French police arrest 70 people at Armistice Day ceremony

Tuesday 12 November 2013 16.39
New polls show Francois  Hollande's popularity ratings have fallen
New polls show Francois Hollande's popularity ratings have fallen

French police arrested about 70 people at an Armistice Day memorial ceremony after protesters, whom the government said were linked to the far-right, booed President Francois Hollande.
              
Newscasters said it was the first time a French head of state had been jeered on 11 November.

Every year there is a commemoration of the signing of the armistice in 1918 between World War One allies and Germany.
              
Scuffles erupted between police and protesters as the Socialist president's motorcade drove up the Champs-Elysees to the Tomb of the Unknown Soldier beneath the Arc de Triomphe in central Paris. 

Interior Minister Manuel Valls said they included members of far-right groups opposed to government policies such as same-sex marriages.
              
"Today on the Champs-Elysees, several dozen individuals linked to the far right ... did not want to respect this moment of contemplation and gathering," Mr Valls told reporters,describing their actions as "unacceptable".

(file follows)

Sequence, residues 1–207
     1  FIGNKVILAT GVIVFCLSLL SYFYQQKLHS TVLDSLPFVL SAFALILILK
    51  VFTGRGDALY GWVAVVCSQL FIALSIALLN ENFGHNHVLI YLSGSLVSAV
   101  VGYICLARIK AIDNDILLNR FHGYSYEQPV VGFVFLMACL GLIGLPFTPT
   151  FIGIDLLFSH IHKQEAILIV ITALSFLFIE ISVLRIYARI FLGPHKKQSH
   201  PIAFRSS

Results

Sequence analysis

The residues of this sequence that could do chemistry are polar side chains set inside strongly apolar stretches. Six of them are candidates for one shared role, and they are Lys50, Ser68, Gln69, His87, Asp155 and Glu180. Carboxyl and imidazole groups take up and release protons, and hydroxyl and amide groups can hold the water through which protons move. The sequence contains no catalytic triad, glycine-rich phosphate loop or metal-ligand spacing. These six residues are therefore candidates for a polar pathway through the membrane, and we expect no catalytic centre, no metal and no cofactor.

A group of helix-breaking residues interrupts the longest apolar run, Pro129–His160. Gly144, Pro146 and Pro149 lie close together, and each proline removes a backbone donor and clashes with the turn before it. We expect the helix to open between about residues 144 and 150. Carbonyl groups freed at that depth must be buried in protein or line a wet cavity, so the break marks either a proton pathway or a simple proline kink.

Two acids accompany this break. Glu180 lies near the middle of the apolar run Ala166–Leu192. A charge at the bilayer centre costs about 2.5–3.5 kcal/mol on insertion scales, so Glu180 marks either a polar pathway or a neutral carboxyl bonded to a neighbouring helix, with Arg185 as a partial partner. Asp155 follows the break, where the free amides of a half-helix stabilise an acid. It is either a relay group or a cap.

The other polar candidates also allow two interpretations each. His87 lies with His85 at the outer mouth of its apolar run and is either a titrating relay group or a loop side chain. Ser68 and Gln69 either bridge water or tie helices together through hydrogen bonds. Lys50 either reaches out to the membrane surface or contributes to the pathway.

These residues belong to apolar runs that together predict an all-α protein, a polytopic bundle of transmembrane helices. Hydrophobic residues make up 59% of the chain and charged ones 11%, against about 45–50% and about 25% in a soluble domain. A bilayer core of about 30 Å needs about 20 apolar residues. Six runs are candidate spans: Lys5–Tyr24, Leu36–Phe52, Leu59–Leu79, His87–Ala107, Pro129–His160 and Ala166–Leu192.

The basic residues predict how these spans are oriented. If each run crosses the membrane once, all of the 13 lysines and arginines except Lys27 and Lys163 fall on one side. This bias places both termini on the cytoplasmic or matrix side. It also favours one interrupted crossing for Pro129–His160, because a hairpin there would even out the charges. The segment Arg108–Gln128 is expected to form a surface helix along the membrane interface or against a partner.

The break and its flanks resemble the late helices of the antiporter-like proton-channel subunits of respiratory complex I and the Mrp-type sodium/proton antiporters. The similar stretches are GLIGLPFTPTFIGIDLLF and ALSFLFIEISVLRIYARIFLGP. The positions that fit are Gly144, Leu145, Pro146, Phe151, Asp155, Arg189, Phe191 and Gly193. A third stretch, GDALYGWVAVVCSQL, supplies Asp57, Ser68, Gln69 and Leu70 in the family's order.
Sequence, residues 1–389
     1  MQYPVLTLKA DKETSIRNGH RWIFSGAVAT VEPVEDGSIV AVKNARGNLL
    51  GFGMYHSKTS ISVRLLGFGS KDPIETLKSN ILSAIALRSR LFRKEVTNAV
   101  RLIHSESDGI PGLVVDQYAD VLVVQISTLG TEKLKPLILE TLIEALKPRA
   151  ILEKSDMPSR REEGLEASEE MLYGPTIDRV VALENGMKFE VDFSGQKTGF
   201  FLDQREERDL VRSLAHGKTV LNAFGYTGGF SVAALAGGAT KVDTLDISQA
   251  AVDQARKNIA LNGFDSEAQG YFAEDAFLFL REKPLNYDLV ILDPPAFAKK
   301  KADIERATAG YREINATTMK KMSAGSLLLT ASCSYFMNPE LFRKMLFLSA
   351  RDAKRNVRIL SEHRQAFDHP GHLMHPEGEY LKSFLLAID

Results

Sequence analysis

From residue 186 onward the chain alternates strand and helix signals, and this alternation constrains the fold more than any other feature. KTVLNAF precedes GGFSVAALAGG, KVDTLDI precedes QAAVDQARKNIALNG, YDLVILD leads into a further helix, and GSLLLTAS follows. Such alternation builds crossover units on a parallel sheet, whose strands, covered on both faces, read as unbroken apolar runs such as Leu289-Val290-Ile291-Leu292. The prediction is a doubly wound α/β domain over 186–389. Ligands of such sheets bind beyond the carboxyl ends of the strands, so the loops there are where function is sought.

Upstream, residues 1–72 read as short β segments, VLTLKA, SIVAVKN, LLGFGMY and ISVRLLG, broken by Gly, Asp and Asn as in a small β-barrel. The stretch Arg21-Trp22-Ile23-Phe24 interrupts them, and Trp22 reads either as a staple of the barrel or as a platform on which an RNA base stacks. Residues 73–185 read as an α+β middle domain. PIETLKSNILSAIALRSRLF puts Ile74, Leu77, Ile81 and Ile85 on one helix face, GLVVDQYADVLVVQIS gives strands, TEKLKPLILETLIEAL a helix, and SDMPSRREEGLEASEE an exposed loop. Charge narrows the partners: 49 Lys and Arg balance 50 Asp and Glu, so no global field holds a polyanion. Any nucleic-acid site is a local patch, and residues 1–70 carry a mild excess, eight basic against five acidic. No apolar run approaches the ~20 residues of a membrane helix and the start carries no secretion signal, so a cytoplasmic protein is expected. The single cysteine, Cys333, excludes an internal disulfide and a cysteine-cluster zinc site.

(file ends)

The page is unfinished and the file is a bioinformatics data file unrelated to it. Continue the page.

The 70 were arrested because the demonstration was not authorised, said a source at the presidential palace.
              
One protester told BFM-TV the boos and gibes were targeted purely at Mr Hollande. "I find it absolutely shameful that we don't have the right to speak up without being arrested," said the woman.

"Saying 'Hollande, step down' is not offensive."
              
"We have the impression that he's not listening so we have to protest," she said, without specifying why she wanted the president to resign.
              
Polls published today by Opinion Way and Ipsos showed Mr Hollande's popularity ratings, pummelled by an ailing economy, heavy taxes and other issues, at a mere 22% and 21%, respectively.
              
Those ratings fell below the 25% approval rating in a CSA survey published Friday, which had put his popularity at the lowest level of any president since the founding of France's Fifth Republic 55 years ago.
              
Protests have forced Mr Hollande to give ground over planned tax increases, including most recently a new levy on heavy trucks that mobilised hundreds in the western region of Brittany. 

Mr Hollande has now deferred but not scrapped the levy.
              
Mr Valls said today's protesters included members of the far-right National Front, whose popularity has risen on the back of widespread public discontent ahead of municipal and European elections scheduled for next year.